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Chapter 9, Slide 1Starting Out with Visual Basic 3 rd Edition Chapter 9 Files, Printing, and Structures.

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Presentation on theme: "Chapter 9, Slide 1Starting Out with Visual Basic 3 rd Edition Chapter 9 Files, Printing, and Structures."— Presentation transcript:

1 Chapter 9, Slide 1Starting Out with Visual Basic 3 rd Edition Chapter 9 Files, Printing, and Structures

2 Chapter 9, Slide 2Starting Out with Visual Basic 3 rd Edition Chapter 9 Introduction

3 Chapter 9, Slide 3Starting Out with Visual Basic 3 rd Edition Chapter 9 Topics Saving data to sequential text files Reading the data back into an application Using the OpenFileDialog, SaveFileDialog, ColorDialog, and FontDialog controls Using the PrintDocument control to print reports from your application Packaging units of data together into structures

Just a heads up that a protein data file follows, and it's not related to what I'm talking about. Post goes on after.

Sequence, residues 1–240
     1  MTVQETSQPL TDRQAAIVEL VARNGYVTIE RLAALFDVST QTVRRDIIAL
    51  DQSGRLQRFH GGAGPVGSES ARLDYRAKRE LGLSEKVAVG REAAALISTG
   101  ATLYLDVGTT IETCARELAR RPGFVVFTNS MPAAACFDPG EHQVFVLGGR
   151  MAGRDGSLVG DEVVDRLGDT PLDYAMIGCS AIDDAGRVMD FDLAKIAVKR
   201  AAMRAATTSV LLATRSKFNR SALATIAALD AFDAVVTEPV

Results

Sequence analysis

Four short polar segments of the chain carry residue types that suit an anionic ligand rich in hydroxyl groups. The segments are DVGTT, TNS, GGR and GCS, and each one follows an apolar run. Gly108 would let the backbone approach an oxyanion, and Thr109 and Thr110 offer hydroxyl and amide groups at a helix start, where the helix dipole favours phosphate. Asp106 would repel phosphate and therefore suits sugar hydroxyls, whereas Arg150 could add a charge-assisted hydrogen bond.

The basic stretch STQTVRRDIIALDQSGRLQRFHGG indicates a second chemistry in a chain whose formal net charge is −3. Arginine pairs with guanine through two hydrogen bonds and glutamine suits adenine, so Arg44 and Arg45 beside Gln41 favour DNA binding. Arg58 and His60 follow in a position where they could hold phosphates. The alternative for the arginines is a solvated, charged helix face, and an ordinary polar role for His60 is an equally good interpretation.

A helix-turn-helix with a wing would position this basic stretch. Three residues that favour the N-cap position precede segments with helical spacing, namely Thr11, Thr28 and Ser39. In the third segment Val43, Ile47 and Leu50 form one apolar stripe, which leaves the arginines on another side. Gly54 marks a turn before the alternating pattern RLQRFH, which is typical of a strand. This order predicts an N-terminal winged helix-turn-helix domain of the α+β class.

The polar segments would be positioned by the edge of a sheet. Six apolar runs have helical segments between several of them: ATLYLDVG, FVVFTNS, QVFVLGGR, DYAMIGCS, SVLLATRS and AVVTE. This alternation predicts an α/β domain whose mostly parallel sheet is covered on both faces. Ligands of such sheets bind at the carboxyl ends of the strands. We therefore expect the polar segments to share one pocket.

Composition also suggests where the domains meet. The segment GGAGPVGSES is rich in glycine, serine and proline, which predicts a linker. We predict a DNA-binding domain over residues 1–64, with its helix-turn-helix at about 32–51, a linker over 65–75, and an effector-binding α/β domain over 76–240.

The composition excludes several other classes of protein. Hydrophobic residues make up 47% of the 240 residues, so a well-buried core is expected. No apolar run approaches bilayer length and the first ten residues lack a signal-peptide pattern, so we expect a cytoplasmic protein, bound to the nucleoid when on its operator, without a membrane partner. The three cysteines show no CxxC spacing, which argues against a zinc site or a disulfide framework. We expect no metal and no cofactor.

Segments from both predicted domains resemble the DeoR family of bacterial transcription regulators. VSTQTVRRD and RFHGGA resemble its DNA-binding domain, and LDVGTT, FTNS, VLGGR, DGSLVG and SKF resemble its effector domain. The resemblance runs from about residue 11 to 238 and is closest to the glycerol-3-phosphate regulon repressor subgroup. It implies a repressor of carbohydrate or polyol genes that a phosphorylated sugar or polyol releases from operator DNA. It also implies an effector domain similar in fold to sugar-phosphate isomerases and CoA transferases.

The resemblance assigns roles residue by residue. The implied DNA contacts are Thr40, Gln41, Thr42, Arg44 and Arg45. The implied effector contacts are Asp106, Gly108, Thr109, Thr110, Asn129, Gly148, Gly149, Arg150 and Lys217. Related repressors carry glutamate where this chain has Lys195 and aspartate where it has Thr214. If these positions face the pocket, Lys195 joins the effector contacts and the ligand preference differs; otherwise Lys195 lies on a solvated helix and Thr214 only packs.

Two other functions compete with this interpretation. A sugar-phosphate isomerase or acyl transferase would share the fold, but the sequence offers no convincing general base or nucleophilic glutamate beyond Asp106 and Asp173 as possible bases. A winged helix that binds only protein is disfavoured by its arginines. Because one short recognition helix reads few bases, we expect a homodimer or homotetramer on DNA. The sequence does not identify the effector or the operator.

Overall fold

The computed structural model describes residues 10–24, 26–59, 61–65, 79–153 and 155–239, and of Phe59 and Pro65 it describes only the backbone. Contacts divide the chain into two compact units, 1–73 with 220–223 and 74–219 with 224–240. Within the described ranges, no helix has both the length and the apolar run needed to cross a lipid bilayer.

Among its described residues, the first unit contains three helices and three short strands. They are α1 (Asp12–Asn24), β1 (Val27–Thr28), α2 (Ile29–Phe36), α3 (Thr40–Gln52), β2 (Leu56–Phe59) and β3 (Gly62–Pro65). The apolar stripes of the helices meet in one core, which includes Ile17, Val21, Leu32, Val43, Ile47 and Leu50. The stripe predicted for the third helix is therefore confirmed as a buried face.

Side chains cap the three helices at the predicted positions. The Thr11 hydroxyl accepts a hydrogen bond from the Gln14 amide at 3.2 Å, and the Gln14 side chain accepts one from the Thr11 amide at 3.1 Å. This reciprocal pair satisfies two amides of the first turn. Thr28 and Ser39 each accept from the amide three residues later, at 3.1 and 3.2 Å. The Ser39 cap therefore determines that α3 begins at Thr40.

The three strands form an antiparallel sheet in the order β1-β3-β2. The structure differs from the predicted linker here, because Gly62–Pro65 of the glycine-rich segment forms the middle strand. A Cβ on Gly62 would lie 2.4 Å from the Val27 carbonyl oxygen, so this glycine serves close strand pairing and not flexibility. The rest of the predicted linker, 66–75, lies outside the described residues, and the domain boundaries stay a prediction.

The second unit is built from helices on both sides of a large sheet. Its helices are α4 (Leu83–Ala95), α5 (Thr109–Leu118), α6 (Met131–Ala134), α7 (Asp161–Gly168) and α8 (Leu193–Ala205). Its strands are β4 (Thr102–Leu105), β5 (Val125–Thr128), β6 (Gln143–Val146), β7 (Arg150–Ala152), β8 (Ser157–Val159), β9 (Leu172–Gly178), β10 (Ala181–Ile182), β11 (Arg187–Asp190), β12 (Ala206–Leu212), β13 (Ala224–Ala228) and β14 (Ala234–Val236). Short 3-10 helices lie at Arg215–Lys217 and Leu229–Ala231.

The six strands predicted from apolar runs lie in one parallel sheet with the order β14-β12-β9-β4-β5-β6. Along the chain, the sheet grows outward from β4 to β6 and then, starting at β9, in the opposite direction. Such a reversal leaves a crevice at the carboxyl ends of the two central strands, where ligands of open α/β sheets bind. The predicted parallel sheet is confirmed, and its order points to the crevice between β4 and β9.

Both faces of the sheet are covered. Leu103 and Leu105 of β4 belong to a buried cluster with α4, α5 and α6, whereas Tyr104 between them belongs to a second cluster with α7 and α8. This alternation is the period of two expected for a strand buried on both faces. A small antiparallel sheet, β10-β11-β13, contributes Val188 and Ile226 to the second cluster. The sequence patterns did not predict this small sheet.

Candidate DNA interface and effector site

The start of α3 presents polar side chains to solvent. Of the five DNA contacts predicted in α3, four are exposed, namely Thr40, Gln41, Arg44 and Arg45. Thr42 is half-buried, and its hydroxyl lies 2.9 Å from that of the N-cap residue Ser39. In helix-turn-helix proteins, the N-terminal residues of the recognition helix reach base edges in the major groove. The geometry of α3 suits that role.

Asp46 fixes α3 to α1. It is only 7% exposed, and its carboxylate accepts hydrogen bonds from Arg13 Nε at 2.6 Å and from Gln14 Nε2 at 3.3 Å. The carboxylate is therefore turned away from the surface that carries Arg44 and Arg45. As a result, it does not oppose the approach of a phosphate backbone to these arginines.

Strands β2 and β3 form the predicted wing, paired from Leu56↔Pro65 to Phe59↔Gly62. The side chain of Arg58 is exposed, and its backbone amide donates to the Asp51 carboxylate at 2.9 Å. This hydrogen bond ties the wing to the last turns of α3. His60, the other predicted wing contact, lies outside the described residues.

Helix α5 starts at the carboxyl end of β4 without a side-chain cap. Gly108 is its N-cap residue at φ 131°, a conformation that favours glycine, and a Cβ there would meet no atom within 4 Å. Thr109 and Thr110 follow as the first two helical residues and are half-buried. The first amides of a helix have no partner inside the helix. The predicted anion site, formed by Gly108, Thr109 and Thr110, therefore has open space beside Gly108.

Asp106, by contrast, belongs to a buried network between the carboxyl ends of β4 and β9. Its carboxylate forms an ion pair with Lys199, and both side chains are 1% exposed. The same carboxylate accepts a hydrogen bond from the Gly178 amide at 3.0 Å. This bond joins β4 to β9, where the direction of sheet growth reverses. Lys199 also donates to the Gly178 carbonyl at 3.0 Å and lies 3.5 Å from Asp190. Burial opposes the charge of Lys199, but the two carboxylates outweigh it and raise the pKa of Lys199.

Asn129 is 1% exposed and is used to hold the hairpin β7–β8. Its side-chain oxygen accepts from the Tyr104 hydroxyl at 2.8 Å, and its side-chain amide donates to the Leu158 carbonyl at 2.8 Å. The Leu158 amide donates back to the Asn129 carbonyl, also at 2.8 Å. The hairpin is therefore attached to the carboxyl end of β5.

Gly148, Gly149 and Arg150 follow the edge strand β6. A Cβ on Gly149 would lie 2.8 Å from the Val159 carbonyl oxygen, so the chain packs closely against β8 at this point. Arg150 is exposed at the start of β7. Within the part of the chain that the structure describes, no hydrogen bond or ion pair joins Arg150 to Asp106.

4 Chapter 9, Slide 4Starting Out with Visual Basic 3 rd Edition Section 9.1 Using Files A File Is a Collection of Data Stored on a Computer Disk Information Can Be Saved to Files and Later Reused

5 Chapter 9, Slide 5Starting Out with Visual Basic 3 rd Edition The Life Span of Data Thus far, all of our data has been stored in controls and variables existing in RAM This data disappears once the program stops running If data is stored in a file on a computer disk, it can be retrieved and used at a later time

6 Chapter 9, Slide 6Starting Out with Visual Basic 3 rd Edition Three Steps in Using a File 1.The file must be opened If it does not yet exist, it will be created 2.Data is read from or written to the file 3.The program closes the file

7 Chapter 9, Slide 7Starting Out with Visual Basic 3 rd Edition Reading and Writing to a File Data must be in retrieved from disk and put in memory for an application to work with it Data is transferred from disk to memory by: Reading it from an input file Placing it in variables or control properties Data is transferred from memory to disk by: Writing it to an output file Getting it from variables or control properties Data is frequently placed in the text property of a control